It was our turn then. We cleared the trench of all that was left, and, leaving a number of men to see that no occupants remained in the dug-outs, moved forward towards the second line, along with another Company.

The Germans put up a little more resistance there, but we captured the trench after a bit of a struggle, and took a great number of prisoners, especially from their dug-outs.

By this time my own company had only one officer left, and owing to the darkness in which the attack began some of the companies had got a bit mixed. That did not hinder us any, however, as we all new our final objective, and with a few hurried orders, we moved forward to take the third line. It was at this time I was slightly wounded, and became a subject for the attention of the stretcher bearers, but where I was I could see them getting well forward, and entering the village of Beaumont Hamel.”

The general progress of the operations at Beaumont Hamel may now be described. Precisely at “zero,” following on the shock of the mine explosion on the left, the attacking waves got out under the barrage without difficulty, only one German shell having done damage while the companies lay in the assembly trenches.

Portions of A Company got through the first line and on to a sector known as the Y Ravine, where Lieutenant McLaren had met his death not many days before. Here the attacking line was held up, and a few men were taken prisoner.

Meantime B Company had got into the German front line, but they found it held by a strong force of the enemy, who was receiving reinforcements from the Y Ravine, and they were forced to fall back, and gradually collected in the old British front line. Some of the second wave got through at once, and, moving to the left got in touch with the 5th Seaforth Highlanders, and with them penetrated the second line.

During this period Captain Ferguson, of D Company, was killed, and Lieutenant West (B Company) wounded, and Major Young  Auchterarder (C Company), was sent back to the dressing station suffering from shell shock. Shortly afterwards Lieutenant Lindsay, of B Company, was sent back to the aid post for the same reason, and Lieutenant Leslie, of the Lewis Gun Section, was placed in command of the men, about 70 in all, who were holding the old British Line.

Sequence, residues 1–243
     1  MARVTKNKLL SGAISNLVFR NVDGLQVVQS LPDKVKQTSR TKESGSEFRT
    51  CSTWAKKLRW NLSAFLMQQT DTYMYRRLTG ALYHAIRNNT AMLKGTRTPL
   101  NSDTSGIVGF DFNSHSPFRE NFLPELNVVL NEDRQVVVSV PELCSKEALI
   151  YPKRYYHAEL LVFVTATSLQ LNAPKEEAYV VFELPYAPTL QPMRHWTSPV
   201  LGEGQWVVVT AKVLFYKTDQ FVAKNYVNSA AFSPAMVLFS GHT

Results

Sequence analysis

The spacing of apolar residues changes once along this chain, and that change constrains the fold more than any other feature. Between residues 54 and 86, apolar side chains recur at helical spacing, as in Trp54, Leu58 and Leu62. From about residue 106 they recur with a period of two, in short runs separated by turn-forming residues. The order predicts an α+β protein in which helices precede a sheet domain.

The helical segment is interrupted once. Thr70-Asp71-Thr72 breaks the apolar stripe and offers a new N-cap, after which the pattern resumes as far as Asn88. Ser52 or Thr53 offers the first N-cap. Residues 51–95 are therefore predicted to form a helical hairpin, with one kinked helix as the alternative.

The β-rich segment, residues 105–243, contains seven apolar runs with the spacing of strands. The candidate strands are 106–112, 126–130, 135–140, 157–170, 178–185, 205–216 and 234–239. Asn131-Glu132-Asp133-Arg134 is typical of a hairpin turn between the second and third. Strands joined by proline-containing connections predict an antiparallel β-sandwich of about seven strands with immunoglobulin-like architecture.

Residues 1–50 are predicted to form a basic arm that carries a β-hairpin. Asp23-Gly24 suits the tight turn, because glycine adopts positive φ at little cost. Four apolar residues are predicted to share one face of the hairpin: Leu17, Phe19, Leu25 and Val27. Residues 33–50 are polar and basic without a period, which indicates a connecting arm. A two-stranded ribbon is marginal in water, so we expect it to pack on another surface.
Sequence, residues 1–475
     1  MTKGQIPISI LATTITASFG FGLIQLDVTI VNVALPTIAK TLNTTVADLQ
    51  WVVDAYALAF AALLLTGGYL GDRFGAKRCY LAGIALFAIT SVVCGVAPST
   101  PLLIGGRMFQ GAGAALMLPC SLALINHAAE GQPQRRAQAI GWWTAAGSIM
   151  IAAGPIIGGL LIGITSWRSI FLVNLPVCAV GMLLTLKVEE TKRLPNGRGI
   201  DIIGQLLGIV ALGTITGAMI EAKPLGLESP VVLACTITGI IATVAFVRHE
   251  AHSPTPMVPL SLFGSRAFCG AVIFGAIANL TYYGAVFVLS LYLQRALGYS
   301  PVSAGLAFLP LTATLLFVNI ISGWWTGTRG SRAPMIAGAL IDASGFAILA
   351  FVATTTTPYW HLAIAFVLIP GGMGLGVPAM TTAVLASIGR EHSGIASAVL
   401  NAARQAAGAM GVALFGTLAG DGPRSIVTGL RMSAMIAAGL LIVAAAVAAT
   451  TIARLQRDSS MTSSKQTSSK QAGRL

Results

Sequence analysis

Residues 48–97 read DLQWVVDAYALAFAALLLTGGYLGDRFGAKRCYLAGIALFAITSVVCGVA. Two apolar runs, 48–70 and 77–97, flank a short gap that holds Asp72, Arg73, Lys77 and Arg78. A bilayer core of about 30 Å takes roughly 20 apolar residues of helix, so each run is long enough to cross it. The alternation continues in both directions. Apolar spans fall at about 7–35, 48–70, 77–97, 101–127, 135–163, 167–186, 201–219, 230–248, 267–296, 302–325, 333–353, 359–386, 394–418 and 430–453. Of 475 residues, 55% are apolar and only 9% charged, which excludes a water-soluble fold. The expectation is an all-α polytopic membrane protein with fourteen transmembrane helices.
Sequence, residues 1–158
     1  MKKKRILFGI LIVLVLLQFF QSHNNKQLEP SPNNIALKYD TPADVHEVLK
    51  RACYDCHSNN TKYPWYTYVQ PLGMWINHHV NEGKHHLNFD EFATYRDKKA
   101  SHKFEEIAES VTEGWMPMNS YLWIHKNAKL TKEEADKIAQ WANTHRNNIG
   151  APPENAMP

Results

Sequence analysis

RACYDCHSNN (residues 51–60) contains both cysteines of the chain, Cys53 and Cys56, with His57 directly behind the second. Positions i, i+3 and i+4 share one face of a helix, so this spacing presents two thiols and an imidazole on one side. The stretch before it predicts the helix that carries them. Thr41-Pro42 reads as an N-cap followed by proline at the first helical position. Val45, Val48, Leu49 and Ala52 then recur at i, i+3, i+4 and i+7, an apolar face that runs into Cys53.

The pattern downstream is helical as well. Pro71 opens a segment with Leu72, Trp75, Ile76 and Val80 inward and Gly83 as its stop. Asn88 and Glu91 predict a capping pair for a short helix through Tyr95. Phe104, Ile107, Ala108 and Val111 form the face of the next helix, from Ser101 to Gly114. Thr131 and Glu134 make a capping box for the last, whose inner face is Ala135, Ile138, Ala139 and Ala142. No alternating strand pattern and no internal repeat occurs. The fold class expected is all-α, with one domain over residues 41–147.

About an hour and a half after the attack began the Headquarters Staff sent out an observation party, but none returned, and Capt. and Adjutant R Bruce Ellis went out with his orderly and a bombing sergeant. They had just reached the German trenches when they heard the shout of some of their own wounded in a shell hole near at hand. Capt. Ellis and his two companions went to assist, and whilst tending the men a rifle shot went off about 20 yards distant. The sergeant was hit, and, turning to find whence the shot had proceeded, Capt. Ellis saw in an adjoining shell hole a German sniper, who fired the shot that ultimately cost the Captain his life.

The orderly went for assistance, but lost himself in the mist, and the wounded Captain crawled back until he met the stretcher bearers. He was then taken with all speed to hospital, to die suddenly a week afterwards – the 21st November – of hemorrhage.

As Captain Ellis did not return, Lieutenant Leslie sent out battle patrols, who reported that the Germans were holding the salient in force, and could be seen through the mist standing up ready to fire at any one who approached.

During all this time one enemy machine gun from the far side of the Ravine and two from the front line were sweeping No Man’s Land, making progress very difficult.

Between ten o’clock and noon the situation was very critical. The Germans were still holding the salient strongly, and it became clear that the best chance of capturing the position would be to effect an entry at the west end of the Ravine, Reinforcements were asked for from Brigade headquarters, and a bombing party, consisting of an officer and 25 men, were promised.

Before these reinforcements arrived, however, an attack on the position was gallantly led by Lieutenant Leslie, who acted on information from his patrols and the advice of Lieutenant  Meff, the brigade bombing officer. The attack was carried out with great impetuosity and success, and 103 prisoners were captured, while a number of 6th Black watch men who had previously penetrated the line and had been taken prisoner were now liberated.

Those who had been left in the old British line, numbering about 30, were then sent forward to strengthen Lieutenant Leslie’s little party, which was spread out and ordered to clear the whole salient of the enemy, and get in touch with the Gordons on the right.